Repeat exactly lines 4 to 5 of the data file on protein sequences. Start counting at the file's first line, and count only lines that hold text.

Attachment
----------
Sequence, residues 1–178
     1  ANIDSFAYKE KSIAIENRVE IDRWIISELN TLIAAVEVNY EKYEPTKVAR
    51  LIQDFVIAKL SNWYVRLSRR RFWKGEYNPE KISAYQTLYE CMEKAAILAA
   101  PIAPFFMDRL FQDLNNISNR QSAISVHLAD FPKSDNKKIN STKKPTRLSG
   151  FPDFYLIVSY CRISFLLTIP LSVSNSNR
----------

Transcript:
   101  PIAPFFMDRL FQDLNNISNR QSAISVHLAD FPKSDNKKIN STKKPTRLSG
   151  FPDFYLIVSY CRISFLLTIP LSVSNSNR